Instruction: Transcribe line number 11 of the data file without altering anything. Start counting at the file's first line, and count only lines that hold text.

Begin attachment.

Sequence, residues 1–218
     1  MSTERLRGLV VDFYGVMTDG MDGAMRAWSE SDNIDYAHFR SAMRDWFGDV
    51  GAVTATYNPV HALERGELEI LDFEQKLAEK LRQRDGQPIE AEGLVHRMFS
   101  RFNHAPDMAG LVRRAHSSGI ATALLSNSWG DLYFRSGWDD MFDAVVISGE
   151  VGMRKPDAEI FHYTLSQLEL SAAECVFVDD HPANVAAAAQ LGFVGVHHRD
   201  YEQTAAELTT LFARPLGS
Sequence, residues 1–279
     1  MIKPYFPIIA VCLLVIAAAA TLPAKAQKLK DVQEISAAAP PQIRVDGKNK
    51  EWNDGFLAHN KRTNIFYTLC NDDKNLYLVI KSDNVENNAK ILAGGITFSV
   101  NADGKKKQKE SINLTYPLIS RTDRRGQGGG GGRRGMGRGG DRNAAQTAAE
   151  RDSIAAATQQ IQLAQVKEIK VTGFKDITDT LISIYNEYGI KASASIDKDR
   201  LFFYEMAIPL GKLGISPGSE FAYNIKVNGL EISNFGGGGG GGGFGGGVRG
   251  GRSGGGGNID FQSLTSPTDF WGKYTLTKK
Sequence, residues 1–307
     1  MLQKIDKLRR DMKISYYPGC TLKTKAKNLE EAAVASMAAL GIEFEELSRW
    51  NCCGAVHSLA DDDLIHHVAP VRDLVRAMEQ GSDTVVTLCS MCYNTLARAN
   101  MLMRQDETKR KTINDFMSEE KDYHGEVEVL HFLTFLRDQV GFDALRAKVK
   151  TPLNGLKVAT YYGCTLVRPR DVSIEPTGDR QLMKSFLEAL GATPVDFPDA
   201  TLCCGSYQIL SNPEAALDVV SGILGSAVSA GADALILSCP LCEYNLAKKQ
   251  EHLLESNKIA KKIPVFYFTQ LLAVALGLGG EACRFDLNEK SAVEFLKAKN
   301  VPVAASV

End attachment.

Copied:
   151  RDSIAAATQQ IQLAQVKEIK VTGFKDITDT LISIYNEYGI KASASIDKDR